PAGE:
But the promotion of virtuous citizenship, beyond this kind of rhetoric, has not been as strong as that of an assertive state. Not only has politics become pervasive in a new manner, with the prime minister saturating the public space — not necessarily on moral subjects — but policies have epitomised a new kind of dirigism.

While the election manifesto of the BJP claimed, in 2014, that India had wasted 70 years because “Governance in these decades was marred by lack of trust, leading to excessive controls and lack of people’s participation”, till today, the Modi government has adopted a state-dominated logic in key domains.

First, the liberalisation of the economy has not proceeded more quickly than under the Congress-led UPA regime. Not only have privatisations not been more numerous, but India has not made very significant progress according to the World Bank’s ease of doing business index — it now occupies rank 130 (out of 190). This month, the Heritage Foundation, an American think tank, has even downgraded India in its yearly report on the basis of its Index of Economic Freedom. India has slipped from 123rd to 143rd rank and joined the “mostly unfree” economies category.

More importantly, the demonetisation measure has been justified by RSS ideologues in quasi coercive terms. S. Gurumurthy, for instance, declared about this move: “Nothing happens in India through persuasion, which is why determined action by the government is justified.”

Certainly, the moral discourse inherited from the socio-psychological repertoire of the RSS showed some resilience, since the PM himself justified demonetisation by the fight against corruption and congratulated Indian citizens for the sacrifice they were doing for the nation, standing in long queues with no slogans or protests. But the dominant idiom was statist and top-down. Venkaiah Naidu explained, in a piece in this paper, that demonetisation was “a part of the grand ‘cultural revolution’ that the PM is working on. The entrenched old order needs to make way for a new normal. This cultural revolution, impinging on all walks of public and private life, amounts to shaking up the system”. These words echo those of Golwalkar who wanted to build a new man too.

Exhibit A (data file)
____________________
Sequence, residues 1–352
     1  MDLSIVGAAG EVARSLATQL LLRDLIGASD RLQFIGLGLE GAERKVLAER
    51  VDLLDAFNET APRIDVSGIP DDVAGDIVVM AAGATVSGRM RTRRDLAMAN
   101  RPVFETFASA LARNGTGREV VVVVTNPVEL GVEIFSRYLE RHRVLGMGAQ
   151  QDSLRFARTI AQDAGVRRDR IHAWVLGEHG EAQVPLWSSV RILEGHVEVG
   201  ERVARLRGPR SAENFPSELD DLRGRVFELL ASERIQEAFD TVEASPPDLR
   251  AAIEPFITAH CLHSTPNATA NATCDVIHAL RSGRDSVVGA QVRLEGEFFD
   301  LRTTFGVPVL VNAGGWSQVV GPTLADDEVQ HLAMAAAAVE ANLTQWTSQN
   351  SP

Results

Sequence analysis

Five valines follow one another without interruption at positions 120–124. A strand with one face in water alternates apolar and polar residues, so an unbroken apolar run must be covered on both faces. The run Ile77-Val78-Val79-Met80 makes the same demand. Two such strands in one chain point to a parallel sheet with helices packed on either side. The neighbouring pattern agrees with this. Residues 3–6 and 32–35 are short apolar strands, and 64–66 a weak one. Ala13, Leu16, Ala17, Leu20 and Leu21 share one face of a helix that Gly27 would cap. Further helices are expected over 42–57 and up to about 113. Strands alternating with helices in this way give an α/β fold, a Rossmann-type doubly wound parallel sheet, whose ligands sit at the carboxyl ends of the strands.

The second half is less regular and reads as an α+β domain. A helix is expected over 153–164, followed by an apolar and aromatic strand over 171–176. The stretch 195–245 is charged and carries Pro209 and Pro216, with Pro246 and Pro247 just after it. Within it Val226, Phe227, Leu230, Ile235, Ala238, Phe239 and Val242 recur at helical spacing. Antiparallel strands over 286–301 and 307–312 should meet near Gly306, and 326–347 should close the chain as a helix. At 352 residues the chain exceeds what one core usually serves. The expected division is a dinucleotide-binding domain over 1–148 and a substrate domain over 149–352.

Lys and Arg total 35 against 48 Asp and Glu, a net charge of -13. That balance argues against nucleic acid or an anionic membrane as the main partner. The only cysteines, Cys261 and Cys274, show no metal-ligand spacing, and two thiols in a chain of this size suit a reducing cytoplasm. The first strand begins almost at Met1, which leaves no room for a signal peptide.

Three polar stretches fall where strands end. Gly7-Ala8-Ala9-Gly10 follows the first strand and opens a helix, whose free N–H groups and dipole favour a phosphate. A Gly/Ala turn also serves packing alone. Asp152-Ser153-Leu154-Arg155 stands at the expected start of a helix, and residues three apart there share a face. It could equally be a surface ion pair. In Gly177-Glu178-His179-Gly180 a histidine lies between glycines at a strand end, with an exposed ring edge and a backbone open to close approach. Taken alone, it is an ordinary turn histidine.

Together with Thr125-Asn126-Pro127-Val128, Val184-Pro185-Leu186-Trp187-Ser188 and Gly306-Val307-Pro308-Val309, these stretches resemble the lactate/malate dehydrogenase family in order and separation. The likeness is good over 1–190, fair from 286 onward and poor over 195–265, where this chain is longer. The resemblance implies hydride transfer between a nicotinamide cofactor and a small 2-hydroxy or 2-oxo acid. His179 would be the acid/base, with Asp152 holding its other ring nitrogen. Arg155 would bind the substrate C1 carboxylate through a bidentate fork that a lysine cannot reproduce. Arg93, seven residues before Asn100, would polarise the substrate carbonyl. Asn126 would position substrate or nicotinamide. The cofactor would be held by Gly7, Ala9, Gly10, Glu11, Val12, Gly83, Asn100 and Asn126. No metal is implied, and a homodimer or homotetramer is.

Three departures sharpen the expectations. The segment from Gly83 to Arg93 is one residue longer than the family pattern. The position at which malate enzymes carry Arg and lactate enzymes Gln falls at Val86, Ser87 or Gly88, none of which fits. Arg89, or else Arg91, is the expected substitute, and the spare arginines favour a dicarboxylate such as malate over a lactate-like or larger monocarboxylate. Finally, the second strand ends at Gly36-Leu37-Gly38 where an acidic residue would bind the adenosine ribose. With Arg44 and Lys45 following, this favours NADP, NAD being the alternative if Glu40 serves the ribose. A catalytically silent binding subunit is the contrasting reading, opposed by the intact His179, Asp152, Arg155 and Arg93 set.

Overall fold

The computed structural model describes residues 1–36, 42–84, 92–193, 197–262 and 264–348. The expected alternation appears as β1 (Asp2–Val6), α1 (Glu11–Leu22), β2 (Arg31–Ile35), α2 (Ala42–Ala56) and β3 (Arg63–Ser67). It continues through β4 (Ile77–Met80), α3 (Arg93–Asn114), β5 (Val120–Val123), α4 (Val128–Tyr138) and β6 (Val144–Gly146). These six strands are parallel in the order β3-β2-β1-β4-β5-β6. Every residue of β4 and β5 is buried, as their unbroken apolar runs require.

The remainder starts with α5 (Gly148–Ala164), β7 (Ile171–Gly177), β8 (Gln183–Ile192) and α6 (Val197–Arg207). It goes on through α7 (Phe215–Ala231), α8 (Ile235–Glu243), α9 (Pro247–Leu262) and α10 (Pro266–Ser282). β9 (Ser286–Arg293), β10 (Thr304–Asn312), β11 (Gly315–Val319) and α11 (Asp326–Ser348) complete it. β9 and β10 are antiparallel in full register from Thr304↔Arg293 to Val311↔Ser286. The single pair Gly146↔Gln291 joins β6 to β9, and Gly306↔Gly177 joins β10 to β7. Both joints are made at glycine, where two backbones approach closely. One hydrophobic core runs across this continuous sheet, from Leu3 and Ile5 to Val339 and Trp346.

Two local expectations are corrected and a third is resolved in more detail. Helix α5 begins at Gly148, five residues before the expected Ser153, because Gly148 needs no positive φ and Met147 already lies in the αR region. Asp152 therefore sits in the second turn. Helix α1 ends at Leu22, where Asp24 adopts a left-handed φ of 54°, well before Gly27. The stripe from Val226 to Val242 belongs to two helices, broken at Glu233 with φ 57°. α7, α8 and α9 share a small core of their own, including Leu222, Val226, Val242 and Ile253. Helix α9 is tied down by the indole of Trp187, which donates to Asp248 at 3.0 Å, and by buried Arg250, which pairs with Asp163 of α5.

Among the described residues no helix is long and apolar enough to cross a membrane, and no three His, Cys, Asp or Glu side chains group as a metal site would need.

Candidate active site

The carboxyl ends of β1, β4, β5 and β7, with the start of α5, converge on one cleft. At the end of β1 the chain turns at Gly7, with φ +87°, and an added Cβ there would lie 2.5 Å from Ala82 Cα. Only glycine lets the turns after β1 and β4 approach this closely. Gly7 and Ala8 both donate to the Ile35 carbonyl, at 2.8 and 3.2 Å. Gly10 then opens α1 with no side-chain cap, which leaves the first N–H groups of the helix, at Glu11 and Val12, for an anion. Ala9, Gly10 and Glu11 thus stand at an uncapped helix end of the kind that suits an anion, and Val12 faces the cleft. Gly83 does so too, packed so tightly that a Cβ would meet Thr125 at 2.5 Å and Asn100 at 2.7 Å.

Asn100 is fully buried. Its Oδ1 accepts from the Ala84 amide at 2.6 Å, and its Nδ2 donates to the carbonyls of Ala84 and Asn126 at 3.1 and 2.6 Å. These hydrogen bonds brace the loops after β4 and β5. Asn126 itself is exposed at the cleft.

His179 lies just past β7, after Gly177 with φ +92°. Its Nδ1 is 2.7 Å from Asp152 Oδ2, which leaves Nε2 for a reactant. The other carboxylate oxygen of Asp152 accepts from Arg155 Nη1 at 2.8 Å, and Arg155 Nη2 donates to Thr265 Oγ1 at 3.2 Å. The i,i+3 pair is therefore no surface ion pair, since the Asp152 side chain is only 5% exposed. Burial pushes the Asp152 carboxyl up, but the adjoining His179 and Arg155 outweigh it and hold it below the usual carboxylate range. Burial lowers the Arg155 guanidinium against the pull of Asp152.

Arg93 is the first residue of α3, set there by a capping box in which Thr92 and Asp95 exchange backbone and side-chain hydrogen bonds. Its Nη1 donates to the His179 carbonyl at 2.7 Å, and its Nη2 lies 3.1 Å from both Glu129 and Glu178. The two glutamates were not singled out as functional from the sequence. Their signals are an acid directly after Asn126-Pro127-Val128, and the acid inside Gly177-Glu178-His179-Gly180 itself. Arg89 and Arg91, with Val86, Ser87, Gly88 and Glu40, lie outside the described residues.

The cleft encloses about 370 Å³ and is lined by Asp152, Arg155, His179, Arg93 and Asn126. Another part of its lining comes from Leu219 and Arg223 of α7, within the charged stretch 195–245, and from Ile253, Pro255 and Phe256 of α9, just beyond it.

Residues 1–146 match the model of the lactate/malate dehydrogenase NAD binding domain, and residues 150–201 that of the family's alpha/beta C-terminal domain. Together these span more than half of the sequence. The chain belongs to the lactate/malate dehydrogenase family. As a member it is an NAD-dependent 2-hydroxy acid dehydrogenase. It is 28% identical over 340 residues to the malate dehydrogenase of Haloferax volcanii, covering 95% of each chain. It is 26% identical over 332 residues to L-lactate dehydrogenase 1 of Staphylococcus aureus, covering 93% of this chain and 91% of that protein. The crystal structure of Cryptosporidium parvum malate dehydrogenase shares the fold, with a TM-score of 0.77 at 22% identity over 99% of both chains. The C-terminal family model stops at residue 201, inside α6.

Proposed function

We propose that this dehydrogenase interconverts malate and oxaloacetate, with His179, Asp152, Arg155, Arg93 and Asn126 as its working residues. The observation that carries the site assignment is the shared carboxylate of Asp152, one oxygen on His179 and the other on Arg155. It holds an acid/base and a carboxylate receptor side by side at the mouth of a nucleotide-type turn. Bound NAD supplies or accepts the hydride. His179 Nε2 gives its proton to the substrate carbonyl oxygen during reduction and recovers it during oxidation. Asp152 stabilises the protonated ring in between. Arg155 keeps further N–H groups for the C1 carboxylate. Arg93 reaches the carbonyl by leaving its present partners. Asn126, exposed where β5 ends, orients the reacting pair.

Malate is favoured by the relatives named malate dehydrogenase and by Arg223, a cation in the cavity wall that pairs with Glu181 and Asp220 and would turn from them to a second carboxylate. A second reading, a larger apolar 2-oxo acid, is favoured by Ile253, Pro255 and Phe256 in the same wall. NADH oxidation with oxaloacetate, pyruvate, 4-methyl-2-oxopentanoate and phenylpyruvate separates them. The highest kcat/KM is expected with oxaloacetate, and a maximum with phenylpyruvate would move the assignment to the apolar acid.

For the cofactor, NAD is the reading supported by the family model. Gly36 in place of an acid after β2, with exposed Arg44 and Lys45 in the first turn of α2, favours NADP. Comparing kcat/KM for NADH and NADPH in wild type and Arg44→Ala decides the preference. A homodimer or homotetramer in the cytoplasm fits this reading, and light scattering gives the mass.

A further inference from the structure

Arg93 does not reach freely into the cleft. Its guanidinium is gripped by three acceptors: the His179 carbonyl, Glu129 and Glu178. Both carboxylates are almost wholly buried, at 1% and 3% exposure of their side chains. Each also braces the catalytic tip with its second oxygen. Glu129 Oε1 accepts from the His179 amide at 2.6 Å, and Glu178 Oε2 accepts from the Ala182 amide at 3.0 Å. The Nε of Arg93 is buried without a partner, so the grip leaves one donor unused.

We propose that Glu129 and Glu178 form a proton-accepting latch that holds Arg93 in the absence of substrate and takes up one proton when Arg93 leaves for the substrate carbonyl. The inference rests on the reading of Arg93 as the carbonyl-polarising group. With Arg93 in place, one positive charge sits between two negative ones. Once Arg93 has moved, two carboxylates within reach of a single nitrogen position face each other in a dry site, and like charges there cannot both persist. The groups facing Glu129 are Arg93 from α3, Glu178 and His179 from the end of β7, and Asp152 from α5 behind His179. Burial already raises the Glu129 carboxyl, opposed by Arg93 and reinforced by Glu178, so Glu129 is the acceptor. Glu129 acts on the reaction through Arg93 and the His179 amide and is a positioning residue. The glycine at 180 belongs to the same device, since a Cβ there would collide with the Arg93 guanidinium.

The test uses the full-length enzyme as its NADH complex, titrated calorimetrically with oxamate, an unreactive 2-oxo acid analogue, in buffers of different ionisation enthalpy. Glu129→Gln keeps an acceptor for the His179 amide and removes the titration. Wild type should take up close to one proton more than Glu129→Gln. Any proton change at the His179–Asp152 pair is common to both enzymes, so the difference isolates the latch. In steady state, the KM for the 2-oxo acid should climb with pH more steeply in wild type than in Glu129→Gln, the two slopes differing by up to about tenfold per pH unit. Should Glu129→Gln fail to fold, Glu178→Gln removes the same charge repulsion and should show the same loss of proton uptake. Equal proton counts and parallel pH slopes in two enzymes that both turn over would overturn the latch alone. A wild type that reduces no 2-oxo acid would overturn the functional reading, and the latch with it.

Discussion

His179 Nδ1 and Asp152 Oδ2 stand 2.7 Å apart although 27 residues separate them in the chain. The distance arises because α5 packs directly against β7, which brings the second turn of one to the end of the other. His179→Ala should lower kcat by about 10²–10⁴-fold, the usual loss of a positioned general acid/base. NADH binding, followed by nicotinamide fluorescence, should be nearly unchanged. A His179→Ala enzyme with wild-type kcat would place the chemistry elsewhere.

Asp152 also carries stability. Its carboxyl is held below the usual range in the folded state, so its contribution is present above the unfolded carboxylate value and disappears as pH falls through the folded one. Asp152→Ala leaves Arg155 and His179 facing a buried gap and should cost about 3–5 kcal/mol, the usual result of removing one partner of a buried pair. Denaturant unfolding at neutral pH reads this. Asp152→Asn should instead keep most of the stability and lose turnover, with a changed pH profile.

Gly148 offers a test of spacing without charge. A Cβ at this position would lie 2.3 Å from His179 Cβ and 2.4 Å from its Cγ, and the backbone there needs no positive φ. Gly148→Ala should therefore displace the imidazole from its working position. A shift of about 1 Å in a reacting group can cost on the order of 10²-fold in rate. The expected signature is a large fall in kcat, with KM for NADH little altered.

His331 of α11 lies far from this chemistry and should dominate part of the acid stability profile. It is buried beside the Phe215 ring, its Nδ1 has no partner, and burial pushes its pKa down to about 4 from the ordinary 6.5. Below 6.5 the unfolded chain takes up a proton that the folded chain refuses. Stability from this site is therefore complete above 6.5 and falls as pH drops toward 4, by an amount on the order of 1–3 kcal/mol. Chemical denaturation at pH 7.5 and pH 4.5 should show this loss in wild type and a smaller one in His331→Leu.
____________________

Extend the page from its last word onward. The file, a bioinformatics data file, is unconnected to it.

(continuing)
The project presented by Gurumurthy and Naidu is equally ambitious, since it intends to reshape public and private life, but it does not use the same route. The RSS of yesterday worked at the grassroot level and tried to rally people around the absolutist plan of a perfectly unified society. Today, the state is the relevant agency. Hence the use of communist notions, like “cultural revolution”, a Maoist invention. China has also been presented as a model by another heavyweight of the government, Nitin Gadkari, who said in the Davos World Economic Forum Annual Meeting, that India aspired to be “a global economic superpower and (that) it would need to work at the same speed as China in terms of policies, administration and decision making processes” to fulfill this ambition.

Whether such developments are compatible with democracy remains to be seen, but an important shift has occurred in the Sangh Parivar towards a statist style, which is now supplementing the groundwork of the RSS.

This article was originally published in the Indian Express.